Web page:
Reviewing the Completed Repository6:16 with James Churchill
Let's walk through how I resolved each error and completed the repository.
To follow along committing your changes to this course, you'll need to fork the dotnet-comic-book-library-manager repo. Then you can clone, commit, and push your changes to your fork like this:
git clone <your-fork> cd dotnet-comic-book-library-manager git checkout tags/v3.3 -b reviewing-the-completed-repository
You can view the completed Repository class on GitHub at:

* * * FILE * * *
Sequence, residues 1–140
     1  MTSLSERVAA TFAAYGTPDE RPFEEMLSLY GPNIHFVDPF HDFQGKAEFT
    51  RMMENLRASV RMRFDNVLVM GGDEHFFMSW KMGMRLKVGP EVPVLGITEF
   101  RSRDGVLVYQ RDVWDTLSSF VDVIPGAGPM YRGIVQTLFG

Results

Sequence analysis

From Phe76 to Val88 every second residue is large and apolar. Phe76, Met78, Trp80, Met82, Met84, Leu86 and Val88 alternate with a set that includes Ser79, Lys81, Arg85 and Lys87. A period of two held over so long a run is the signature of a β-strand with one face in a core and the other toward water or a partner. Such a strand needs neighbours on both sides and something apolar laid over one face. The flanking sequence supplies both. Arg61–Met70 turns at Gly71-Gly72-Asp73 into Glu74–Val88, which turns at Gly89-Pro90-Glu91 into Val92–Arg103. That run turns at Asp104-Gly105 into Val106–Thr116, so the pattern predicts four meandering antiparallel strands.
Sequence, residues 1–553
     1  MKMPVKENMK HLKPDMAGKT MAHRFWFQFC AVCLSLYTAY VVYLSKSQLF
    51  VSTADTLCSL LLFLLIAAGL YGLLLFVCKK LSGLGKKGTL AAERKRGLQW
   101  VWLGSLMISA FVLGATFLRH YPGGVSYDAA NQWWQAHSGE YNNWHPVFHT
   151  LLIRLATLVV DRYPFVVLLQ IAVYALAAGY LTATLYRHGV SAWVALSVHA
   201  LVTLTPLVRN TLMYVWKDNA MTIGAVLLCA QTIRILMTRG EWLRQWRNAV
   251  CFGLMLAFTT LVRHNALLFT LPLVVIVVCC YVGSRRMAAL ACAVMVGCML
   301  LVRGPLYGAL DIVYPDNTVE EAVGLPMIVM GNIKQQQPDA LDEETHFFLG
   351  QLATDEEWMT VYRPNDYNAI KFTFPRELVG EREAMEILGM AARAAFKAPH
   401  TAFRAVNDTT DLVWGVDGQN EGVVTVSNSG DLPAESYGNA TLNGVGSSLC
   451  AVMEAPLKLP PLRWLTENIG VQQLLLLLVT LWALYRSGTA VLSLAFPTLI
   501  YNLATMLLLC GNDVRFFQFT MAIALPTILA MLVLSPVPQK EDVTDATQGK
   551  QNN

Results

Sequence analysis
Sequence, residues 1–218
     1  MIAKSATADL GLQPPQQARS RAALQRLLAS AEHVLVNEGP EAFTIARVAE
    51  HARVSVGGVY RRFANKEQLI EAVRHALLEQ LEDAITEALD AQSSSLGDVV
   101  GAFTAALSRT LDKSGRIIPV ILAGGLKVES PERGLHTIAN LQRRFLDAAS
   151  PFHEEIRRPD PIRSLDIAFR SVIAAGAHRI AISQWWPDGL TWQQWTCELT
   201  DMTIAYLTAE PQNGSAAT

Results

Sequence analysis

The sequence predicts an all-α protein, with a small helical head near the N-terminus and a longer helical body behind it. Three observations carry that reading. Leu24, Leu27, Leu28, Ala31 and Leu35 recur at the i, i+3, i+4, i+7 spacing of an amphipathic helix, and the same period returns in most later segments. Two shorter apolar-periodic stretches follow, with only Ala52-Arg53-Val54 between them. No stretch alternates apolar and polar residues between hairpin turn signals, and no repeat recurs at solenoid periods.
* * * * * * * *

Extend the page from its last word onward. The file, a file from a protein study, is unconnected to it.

How did it go? 0:00 Were you able to fix all the remaining build errors? 0:01 Let's walk through how I resolved each error. 0:04 I started with the ComicBooksController and worked my way through each error. 0:06 In the detail action method, I moved the query to retrieve 0:11 a single comicBook to a Repository method named GetComicBook and 0:14 updated the action method to call that method. 0:18 In the add get action method, I updated a call to the viewModels Init method 0:21 by passing in the repository class instance. 0:26 Then I updated the viewModels Init method 0:29 to accept an instance of the Repository class instead of the context class. 0:31 That change cascaded down into the ComicBooksBaseViewModel classes 0:36 Init method. 0:41 I then move the series, artist and roll list queries into their own repository 0:42 methods, and updated the ViewModel Init methods to call those methods. 0:47 Here's the call to repositories GetSeriesList method. 0:52 I'll press alt F12 to peak the definition for the method. 0:57 And in the ComicBook's add ViewModel class, 1:03 the call to the repository's GetArtists method, and 1:07 its definition, and the repository's GetRoles method call and its definition. 1:12 Back in the controllers add PostAction method, I move the code to 1:26 add a comicBook entity to a repository method named, AddComicBook. 1:30 And I updated the call to the view methods Init method by passing the repository 1:39 class instance. 1:44 The query in the EditGetAction method looked 1:45 very similar to the query that I moved to the GetComicBooks repository method. 1:48 The difference being that it didn't eagerly load the related entities. 1:53 Instead of adding another version of the GetComicBook method to the repository 1:57 I updated the existing method to allow the color to specify 2:02 if the related entities should be loaded or not. 2:05 To do that I added a second parameter of type bool named includeRelatedEntities. 2:09 And defaulted the value to true, so 2:15 by default we'll eagerly load the related entities. 2:18 Then I called the AsQueryable method on the DBset property 2:21 to get an iQueryable object which allowed me to incrementally build up the query. 2:25 You can see here that I only call the include method 2:31 if the include related entities parameter is set to true 2:34 when calling this method from the action method. 2:37 I explicitly referenced the includeRelatedEntities parameter so 2:40 anyone reading this code will easily be able to tell 2:44 that we're opting out of eagerly loading the relatedEntities. 2:47 I also updated the call to the viewModel.Init method 2:51 by passing in the Repository class instance. 2:54 For the EditPostAction method, I simply moved the code to update the comicBook 2:57 entity to a repository method named UpdateComicBook. 3:02 And, I updated the call to the Init method 3:07 by passing in the repository class instance. 3:10 The query in the Delete Action method to get a comicBook was also 3:13 very similar to the query for our repository's GetComicBook method. 3:16 The only difference is that it equally loaded just the series navigation property 3:21 and not the artist collection. 3:26 Instead of trying to cover this variation, 3:28 I just decided to call our existing GetComicBook repository method. 3:30 While this will add some additional overhead, when executing the query and 3:35 loading the entities into the context. 3:38 I don't expect users to DeleteComicBooks very often. 3:41 So the performance penalty shouldn't be a concern. 3:44 The Delete Post Action method is another simple example of moving the code 3:47 to delete a comicBook to its own repository method, DeleteComicBook(). 3:51 For the validate comicBook method, I move the validation query to a Repository 3:59 method named ComicBookSeriesHasIssueNumber. 4:04 Moving on to the ComicBookArtistController. 4:14 In the Add Get action method, 4:20 it just needed to replace the query with a call to the repository comicBook method. 4:22 And like I did with the ComicBooksController, I updated the call 4:27 to the ViewModels Init method by passing in the repository class instance. 4:30 Then I updated the view models in a method to accept an instance 4:37 of the repository class instead of the context class. 4:40 And updated the method to call the existing repository methods to get 4:44 the artists and role lists. 4:48 In the Add Post Action method, I move the code 4:58 to add a comicBookArtist to a Repository method named AddComicBookArtist. 5:01 And if the model state is not valid I added a call to get the comicBook from 5:12 the repository. 5:16 And I updated the Init method call to pass send repository class instances I 5:17 moved the query and 5:22 the DeleteGetAction method to a repository method named GetComicBookArtist. 5:23 And in the delete post action method. 5:35 I moved the code to delete a ComicBookArtist to a repository method 5:37 named DeleteComicBookArtist And 5:41 lastly I move the validation query in the validate ComicBookArtist method. 5:48 To a repository method named ComicBook has artist role combination. 5:53 How does my repository class compare to yours? 6:00 As I mentioned in an earlier video, you may have done things slightly differently 6:03 than how I did, and that's okay. 6:06 There's almost always more than one way to implement a feature. 6:09 I'd encourage you to share your solution with me and 6:12 others on the Treehouse Community. 6:14